The Louisiana Senator could not help but be aware of the obstacle FDR constituted to his ambitions. A contemporary commentator wrote of Long: "Obviously he cannot succeed while the country still has hopes of the success of the New Deal and trusts the President. Huey's chances depend on those sands of hope and trust running out." "Long's resentment of the president, Glen Jeansonne has pointed out, "was almost pathological." [4]

...did some wealthy interests see the New Deal as a way to keep the angry poor from rising up?

So, in summary, I guess the answer is yes. FDR saw the New Deal as a way to empower not only the poor but the citizenry in general. And on the Right many wealthy interests such as the du Ponts and the Dilings and the Hearst media empire saw demonization of the New Deal as a way to keep the poor submissive to those wealthy interests by appealing to the specter of communism, the complete overthrow of capitalism, and the demise of Americanism (wrapped in white supremacy and Christian fundamentalism). On the Left too many sought ham-fisted dramatic change which simply wasn't politically or culturally feasible. In the case of Huey Long, change by autocratic decree and demagoguery was the way forward. It might also be noted here that despite Long's achievements overthrowing an old ingrained oligarchy in Louisianna he never managed to bring the kind of sweeping change to his own state that FDR brought to the nation. (Long was unsympathetic to unions and collective bargaining and rejected reforms to child labor laws.) Huey Long essentially saw himself as a benevolent dictator. FDR saw himself as the leader of a multifaceted representative democracy.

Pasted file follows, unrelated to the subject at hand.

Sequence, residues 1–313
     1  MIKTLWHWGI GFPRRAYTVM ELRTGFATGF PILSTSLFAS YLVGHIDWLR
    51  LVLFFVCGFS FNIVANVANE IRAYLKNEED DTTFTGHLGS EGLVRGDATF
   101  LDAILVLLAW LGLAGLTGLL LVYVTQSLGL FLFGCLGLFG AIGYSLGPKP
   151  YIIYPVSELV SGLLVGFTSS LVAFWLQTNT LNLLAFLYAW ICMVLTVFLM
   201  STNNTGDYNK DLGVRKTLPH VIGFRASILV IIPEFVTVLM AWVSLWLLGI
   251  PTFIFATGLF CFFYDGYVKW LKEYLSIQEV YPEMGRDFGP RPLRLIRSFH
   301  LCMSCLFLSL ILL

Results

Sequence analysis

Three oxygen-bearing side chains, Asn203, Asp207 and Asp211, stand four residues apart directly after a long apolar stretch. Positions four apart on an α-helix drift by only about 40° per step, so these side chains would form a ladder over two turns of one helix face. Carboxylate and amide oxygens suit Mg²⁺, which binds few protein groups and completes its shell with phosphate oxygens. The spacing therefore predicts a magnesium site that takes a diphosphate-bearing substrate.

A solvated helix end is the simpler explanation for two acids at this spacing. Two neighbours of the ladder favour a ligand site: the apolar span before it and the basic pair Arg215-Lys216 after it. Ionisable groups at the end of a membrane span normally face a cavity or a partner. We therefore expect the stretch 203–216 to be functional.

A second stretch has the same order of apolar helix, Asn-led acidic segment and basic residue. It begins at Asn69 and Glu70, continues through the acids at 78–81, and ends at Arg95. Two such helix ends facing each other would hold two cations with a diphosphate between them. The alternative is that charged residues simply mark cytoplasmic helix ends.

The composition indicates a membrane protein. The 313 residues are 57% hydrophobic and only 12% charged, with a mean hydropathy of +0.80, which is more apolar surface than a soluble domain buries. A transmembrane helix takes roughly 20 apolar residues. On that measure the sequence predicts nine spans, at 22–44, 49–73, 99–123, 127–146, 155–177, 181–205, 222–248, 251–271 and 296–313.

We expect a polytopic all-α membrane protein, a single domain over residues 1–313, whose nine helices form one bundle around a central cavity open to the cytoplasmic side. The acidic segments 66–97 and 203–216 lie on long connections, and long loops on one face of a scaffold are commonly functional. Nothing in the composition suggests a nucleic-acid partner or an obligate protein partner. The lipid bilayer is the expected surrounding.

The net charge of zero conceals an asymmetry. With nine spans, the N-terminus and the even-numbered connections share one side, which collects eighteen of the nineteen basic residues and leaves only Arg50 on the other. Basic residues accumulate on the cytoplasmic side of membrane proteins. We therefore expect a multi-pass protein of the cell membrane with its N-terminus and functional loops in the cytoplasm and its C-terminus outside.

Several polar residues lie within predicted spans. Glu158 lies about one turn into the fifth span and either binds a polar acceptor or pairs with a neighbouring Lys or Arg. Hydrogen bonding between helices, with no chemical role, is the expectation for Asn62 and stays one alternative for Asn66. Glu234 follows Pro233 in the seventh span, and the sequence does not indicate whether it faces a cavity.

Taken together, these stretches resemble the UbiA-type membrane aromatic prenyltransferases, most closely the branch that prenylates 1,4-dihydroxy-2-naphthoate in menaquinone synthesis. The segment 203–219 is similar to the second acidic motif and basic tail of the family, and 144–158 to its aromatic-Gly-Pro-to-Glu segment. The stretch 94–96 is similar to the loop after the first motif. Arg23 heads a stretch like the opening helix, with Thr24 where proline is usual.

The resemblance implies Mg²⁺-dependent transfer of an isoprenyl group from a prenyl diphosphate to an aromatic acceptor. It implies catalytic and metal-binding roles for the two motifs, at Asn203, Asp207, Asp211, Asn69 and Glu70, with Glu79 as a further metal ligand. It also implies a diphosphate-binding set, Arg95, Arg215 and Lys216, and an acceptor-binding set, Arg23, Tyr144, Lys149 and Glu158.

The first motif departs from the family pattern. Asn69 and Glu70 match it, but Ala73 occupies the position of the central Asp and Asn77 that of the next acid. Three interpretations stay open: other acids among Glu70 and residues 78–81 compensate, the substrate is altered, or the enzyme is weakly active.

[Footnotes 1-4 from: The FDR Years; On Roosevelt and his Legacy - William E. Leuchtenburg / Columbia University Press NY, 1995.]